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Bob Hick's Nutcracker Review


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I'm going to respectfully take Bob Hicks to task over some comments made in his review of The Nutcracker.

(See LINKS Dec 13 for full text)

Every moment, every motion, is tied to the rhythm of the music, and every step, no matter how mundane, is a part of the dance.

That's a very far cry from the OBT "Nutcracker" of the past 10 years, in which much of the action was simply walked through. That production, choreographed by James Canfield and designed by Campbell Baird, was brisker and more contemporary-feeling, and it was stunning to look at. But it was also very much less about the dancing.

New artistic director Christopher Stowell's decision to scrap the Canfield/Baird version and bring on the Balanchine fits neatly with his determination to reclaim ballet tradition as the focal point of everything OBT does. That's an almost complete reversal of direction from the Canfield years, when the dances were so driven by pop-culture influences that the company often felt more like a contemporary dance troupe

I felt this a rather brusque dismissal of Canfield's beautiful and beautifully danced Nutcracker. I don’t think that Bob should try to overlay Canfield's rock/contemporary reputation onto his purely classical Nutcracker. One of the dangers of thinking about the Canfield years is to only remember the controversial modern sensibility he brought to his company, which resulted in sometimes wildly successful, sometimes flat work, even within the same piece (Go Ask Alice for example). But one should not forget the classical ballets he staged: Giselle, Romeo & Juliet (With NYCB's Tom Gold) and of course, most consistently of all, the Nutcracker.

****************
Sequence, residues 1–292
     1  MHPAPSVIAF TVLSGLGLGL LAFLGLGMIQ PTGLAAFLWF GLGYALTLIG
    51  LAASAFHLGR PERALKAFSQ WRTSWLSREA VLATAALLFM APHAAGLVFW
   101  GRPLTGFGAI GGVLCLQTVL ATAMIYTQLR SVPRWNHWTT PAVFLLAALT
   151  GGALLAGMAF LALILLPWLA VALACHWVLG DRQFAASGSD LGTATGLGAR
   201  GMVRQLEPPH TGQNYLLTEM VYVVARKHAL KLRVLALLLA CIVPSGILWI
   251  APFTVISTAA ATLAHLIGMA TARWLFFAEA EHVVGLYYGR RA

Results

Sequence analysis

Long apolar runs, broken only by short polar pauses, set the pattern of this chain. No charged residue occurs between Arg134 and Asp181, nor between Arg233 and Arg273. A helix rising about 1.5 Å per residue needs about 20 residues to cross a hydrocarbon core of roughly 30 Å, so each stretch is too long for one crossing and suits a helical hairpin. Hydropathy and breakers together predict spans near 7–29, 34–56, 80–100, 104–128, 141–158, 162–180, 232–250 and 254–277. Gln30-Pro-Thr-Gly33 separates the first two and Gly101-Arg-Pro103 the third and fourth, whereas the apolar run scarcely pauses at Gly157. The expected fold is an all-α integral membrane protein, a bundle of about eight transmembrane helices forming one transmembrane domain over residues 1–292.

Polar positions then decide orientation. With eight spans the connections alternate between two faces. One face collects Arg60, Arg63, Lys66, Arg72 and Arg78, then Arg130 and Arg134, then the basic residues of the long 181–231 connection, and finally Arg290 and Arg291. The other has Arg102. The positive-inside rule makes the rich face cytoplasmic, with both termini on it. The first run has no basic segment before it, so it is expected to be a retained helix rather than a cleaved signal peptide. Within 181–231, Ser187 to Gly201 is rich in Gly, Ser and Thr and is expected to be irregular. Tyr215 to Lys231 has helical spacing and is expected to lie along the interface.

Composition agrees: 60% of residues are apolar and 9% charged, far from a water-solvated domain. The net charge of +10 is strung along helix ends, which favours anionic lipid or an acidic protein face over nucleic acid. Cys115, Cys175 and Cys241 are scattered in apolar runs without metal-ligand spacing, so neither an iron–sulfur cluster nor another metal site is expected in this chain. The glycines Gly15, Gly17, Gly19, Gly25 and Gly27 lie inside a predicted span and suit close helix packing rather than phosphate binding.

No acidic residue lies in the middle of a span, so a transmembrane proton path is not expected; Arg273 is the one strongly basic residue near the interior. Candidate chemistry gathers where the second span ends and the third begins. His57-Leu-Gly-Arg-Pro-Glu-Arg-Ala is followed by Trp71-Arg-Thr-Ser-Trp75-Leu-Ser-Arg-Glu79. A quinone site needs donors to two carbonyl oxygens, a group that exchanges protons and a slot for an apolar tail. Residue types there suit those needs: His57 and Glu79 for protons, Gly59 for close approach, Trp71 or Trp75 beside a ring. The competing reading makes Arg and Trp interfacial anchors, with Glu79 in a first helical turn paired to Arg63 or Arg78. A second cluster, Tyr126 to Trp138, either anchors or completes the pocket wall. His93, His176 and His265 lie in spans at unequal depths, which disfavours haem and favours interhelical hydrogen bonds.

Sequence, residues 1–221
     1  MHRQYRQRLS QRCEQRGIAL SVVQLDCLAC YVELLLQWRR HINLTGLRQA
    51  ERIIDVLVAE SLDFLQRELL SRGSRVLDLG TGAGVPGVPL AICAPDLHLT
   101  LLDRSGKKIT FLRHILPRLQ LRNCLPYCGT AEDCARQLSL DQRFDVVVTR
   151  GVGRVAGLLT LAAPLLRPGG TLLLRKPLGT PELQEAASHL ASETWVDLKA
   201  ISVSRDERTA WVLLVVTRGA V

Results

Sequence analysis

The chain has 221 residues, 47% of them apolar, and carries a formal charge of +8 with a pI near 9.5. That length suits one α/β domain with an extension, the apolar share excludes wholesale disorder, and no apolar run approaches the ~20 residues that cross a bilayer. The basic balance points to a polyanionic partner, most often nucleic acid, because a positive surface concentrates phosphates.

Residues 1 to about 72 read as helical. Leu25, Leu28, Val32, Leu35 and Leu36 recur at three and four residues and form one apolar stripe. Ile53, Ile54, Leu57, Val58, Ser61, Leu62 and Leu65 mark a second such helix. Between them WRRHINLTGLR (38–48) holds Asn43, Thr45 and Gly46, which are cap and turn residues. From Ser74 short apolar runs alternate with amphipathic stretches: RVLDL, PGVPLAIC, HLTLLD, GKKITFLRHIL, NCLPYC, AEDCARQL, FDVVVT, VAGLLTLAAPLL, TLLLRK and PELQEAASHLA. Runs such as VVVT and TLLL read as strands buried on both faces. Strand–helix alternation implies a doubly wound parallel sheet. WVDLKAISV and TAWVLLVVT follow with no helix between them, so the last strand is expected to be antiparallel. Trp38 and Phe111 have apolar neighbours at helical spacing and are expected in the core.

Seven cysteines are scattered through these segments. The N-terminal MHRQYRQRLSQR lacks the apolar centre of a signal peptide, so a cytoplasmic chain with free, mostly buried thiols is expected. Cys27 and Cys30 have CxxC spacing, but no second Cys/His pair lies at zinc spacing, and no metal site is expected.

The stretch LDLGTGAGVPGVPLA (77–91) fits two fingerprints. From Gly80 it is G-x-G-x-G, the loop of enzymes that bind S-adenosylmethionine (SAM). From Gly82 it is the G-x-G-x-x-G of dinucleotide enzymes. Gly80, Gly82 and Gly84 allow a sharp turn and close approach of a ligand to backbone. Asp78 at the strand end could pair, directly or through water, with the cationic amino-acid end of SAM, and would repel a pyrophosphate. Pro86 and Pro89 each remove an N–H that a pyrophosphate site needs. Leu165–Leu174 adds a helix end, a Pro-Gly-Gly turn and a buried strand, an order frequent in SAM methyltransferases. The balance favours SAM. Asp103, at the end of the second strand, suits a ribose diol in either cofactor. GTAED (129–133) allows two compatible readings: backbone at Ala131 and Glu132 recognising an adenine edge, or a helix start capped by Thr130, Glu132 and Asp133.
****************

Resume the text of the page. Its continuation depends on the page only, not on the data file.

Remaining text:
To say that it was "very much less about the dancing" is a rather surprising evaluation of such a carefully classically danced Nutcracker. In fact, because Canfield’s dual storylines (Marie’s first love and her dreams of becoming a ballerina) emphasize company member performances, and much of the children’s lengthy participation was replaced by company dancing one could make a strong case, especially regarding the first act, that Canfield's Nutcracker was “more about the dancing”, if only because it had more company performances as opposed to children's shenanigans, processions and reels.

And let me tell you, it is a lot more interesting watching a professional Marie & Prince dance a full out pas de deux than children walking about the stage.

In fact, if one wants to watch a Nutcracker "simply walked through" (or sat through) there is no better example than the roles of the Nephew/Nutcracker and Marie in Balanchine's Nutcracker.

How soon we forget...


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